– Being an essay on discovering new and remote small stream fishing grounds, fishing small streams in testy conditions, and making the unexpected and surprising revelation that bamboo fly rods beat anything else on tiny waters. Text and images (unless otherwise stated) by Greg Carstens...
With the recent spate of droughts, small stream fly fishing hasn’t been an easy pursuit, and with recent weather cycles, current conditions are at a low point, not that this has distracted me from the enjoyment of staying connected to small streams by tying up flies, reading books and the like.
Sooner or later though, I reach a point where it’s time to go fishing, but in order to warrant heading off hundreds of kilometres to remote mountain streams requires some justification. So with precious little time to fish anyway, I try my best to plan things as well as I can, to take each and every trip at the most opportune time. But all told, looking back over the last couple of years things seem to have slowly slipped from bad to worse. I could blame this on my poor trip timing or just the weather. Either way, tough conditions can test one's faith in what at best can anyhow be a somewhat fickle, challenging and unpredictable pursuit.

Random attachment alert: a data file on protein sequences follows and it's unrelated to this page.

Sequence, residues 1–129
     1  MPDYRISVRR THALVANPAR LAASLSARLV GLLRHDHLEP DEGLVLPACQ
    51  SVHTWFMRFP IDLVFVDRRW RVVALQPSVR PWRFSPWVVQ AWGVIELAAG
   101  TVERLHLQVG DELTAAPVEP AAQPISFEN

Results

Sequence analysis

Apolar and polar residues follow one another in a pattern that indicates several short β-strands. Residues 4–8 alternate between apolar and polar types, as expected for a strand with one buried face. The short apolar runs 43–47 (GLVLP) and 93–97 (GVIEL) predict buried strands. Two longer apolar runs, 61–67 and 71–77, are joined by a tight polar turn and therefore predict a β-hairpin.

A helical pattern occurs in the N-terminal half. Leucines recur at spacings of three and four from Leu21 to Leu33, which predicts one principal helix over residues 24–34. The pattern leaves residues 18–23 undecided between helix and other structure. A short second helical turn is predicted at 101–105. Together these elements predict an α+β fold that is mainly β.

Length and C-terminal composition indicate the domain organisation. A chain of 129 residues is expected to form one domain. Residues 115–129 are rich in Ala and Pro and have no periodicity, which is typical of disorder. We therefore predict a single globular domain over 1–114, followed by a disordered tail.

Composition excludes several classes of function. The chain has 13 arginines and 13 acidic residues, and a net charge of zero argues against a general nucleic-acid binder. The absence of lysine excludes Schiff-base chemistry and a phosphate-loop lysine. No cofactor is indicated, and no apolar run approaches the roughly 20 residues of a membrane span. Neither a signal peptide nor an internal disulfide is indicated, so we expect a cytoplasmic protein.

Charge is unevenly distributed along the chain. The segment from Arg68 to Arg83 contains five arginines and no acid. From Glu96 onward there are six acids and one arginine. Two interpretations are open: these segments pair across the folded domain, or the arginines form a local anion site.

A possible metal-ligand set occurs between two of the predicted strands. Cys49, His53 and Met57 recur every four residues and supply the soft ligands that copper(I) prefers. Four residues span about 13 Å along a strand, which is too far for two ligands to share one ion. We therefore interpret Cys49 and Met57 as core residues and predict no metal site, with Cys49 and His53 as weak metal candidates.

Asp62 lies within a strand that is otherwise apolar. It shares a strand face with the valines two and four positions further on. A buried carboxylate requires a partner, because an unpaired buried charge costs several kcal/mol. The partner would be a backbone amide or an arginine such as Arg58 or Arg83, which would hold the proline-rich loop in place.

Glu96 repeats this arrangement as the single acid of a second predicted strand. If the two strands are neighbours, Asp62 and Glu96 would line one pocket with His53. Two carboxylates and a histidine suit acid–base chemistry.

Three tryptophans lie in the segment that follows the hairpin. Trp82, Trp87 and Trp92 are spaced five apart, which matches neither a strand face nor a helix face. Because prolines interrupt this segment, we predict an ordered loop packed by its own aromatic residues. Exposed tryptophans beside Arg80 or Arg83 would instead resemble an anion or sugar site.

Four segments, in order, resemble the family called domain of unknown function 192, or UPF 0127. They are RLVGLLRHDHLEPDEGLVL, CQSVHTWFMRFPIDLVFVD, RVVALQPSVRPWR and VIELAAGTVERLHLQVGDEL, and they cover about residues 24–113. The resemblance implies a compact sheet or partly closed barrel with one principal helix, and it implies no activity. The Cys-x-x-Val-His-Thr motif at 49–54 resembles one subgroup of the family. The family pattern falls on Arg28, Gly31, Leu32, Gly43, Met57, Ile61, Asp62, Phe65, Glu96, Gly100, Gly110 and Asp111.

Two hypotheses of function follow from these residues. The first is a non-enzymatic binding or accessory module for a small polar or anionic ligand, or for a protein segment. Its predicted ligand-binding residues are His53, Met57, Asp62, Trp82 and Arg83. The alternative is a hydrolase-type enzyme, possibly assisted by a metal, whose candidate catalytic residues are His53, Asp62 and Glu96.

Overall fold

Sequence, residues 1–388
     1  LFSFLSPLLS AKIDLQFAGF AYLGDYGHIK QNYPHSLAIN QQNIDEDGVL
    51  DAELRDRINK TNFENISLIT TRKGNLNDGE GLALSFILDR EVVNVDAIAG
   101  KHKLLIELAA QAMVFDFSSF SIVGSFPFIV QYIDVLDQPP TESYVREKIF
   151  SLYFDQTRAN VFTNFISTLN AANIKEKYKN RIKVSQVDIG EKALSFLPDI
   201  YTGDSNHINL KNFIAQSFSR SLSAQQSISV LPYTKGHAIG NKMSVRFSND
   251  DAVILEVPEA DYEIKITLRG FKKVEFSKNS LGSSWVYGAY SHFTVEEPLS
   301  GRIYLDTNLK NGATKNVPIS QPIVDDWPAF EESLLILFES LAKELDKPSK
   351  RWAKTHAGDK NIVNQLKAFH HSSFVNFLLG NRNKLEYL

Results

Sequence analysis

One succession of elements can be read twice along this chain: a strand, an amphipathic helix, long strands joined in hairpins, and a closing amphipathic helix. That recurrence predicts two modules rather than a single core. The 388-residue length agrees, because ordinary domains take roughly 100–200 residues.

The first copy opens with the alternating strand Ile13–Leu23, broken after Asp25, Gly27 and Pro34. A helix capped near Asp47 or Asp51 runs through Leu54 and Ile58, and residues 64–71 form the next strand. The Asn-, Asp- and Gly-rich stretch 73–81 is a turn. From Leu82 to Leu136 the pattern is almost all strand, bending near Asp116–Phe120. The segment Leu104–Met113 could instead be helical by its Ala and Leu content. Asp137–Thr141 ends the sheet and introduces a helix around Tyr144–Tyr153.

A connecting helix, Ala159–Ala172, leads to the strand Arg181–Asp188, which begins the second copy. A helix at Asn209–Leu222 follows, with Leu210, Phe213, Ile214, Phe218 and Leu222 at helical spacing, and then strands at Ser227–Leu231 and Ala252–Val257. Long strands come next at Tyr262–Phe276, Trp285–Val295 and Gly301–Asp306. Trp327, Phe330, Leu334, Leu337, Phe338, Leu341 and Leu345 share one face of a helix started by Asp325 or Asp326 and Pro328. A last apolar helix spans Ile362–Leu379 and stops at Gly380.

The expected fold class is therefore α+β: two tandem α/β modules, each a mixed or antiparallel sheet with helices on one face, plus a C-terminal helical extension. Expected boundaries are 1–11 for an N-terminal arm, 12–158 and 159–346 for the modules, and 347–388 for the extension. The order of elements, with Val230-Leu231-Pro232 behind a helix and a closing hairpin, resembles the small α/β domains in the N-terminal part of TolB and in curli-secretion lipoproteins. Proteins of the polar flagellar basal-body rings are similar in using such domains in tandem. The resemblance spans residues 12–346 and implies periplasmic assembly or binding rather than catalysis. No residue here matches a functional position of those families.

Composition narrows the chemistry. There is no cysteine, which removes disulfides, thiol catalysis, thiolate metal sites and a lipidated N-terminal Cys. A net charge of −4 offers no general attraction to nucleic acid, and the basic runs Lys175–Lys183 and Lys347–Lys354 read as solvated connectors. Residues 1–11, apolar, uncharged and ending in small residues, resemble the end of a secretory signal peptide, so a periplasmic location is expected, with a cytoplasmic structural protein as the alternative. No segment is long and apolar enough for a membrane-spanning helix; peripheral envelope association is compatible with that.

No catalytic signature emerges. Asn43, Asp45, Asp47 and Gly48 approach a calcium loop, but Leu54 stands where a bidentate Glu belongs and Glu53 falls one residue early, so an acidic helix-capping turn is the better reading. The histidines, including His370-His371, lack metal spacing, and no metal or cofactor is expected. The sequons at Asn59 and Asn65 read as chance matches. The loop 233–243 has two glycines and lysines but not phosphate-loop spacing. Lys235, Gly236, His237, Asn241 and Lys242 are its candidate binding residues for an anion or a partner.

Now I agree with the sentiment that a bad day's fishing is better than a good day doing whatever it is that pays the bills, and although, as has been said so many times, if it was only about the fish it would be called catching and not fishing. But there are so many facets to spending a day on a stream in the company of a fine fly rod. At its simplest, bad fishing days are when you only catch a couple of fish and good days are when you stop counting. But whatever, clean air, solitude, birds, scenery and the surrounds always fill in the picture nicely, though I do need to know that there are at least a few fish about, and if I can’t catch them, that it’s because I’m a lousy fly fisher and not because there are simply no fish to catch. The former I can swallow, but knowing that a stream has seen consecutively rough seasons with flows so poor even the locals aren’t sure the trout are actually there anymore is challenging. Then I have to start swallowing a little harder and balance my need to fish small streams against my fear of damaging whatever remaining breeding stock there may be. That can really eat at my enthusiasm. I seems, though, that when I really like something I stick with it through thick and thin, part determination and part stubbornness. A love of small streams is a sentiment surprisingly few people fully understand and yet it's helped to get me this far and as I fast approach the downhill side of midlife at 45, these are the traits that have seen me through thick and thin, no matter how misguided.